It certainly would be nice to be able to use that DPEA, Title I, and IDEA-B money in our general fund, but we're not allowed by the state to do that. Turning to an area where the district is very concerned, what cuts have been made, and may be made to sports if the levy fails?

Since June 2003 the Board of Ed has been forced by the state to implement a financial recovery plan. The first and major part of the plan is to reduce expenditures. The Board has already cut $1.5 million and has more cuts to make. The second part of the plan is to increase revenue by $339,000 per year through the levy. In June 2003 over 90% of the budget went to personnel costs. Personnel costs should never exceed 80% because of funds needed for utilities, insurance, maintenance, repairs, supplies, etc.

The first round of cuts were made in areas that had the least negative impact upon academics. Since athletics are extra-curricular sports expenditures were reduced approximately $40,000. This reduction in sports costs represents only 2.7% of the total $1.5 million that was cut.

Will my beloved golf team be eliminated?

We have discussed the possible elimination of golf if the levy does not pass, but this proposal has not been included in the plan.

May the golf gods look down on you kindly. Getting back on point, what is going to happen concerning the sports whether the levy passes or fails?

The first thing I would recommend is that busing be restored to the pre Christmas vacation routes. I do not think that we can afford to replace the 19 coaching positions that were eliminated over the past two years. I would replace field trips only if they were tied to the state academics standards.

The important thing is that we will have to reduce even if the levy passes due to enrollment declines. We have plans to reduce five teaching positions even if the levy passes. If it fails we will have to reduce teaching positions. One preschool and home maintenance program would be eliminated along with several other positions. The class sizes thoughout the district would increase.

If the levy does not pass "pay to participate" will be instituted to alleviate the school district's general fund from paying in excess of $110,000 for coaches salaries and game transportation costs. These costs were over $150,000 prior to the staff reductions. At the junior and senior high levels we have approximately 200 students athletic slots with about 100 student participants. (Students often participate in more than one sport.) The general fund therefore pays approximately $550 per student athletic slot. This is an average cost and actually varies by sport. The Board has not discussed how much of this cost a parent would have to pick up. If the levy passes "pay to participate" will not be recommended.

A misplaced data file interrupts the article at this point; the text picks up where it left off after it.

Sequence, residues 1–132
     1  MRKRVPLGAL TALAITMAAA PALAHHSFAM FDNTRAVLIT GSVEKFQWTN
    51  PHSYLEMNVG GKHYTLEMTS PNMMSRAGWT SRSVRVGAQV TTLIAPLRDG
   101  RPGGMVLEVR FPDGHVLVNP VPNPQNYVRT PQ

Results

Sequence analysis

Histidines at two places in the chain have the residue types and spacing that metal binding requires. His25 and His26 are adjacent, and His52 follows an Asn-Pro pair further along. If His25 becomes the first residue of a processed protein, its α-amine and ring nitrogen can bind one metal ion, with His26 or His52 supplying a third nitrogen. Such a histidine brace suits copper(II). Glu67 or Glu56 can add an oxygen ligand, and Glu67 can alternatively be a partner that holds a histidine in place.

Could we implement volunteer coaching to help the situation at all?

We do have many volunteer coaches who have stepped forward. At this point there are over 20. At almost every Board meeting volunteer coaches are approved. Keep in mind that they have to by law have BCI check clearance before they are allowed to work with students. Many of these volunteers have been doing this for years for no pay.

Any loose ends you'd like to tie up before we close here?

As far as the claim that we have two people doing one job, here is the answer. Prior to July 1, 2003 the district employed 4 maintenance workers, 1 mechanic, and 1 supervisor of maintenance and transportation. Today the district employs 1 maintenance person who, on occasion when needed, also does mechanic work. The district also employs 1 maintenance supervisor who also does maintenance work and 1 transportation supervisor who does the regular mechanic work. The state has invested $27 million in the new buildings and the residents invested $1 million. As a part of this investment the state has mandated that the district follow a strict maintenance schedule that is computerized and checked on periodically. This is a part of the maintenance supervisor's job. The state also mandates that district maintain its buses and record and report the maintenance via computer. The bottom line is that we now have 3 people doing what 6 were doing two years ago and the work is being performed effectively and much more efficiently.

Thank you for sitting down with me for this imaginary interview. I hope I've presented the thoughts you've posted in a proper manner. If there are any questions, drop a comment and I'll do my best to correct, or at least say hi or something.

No comments: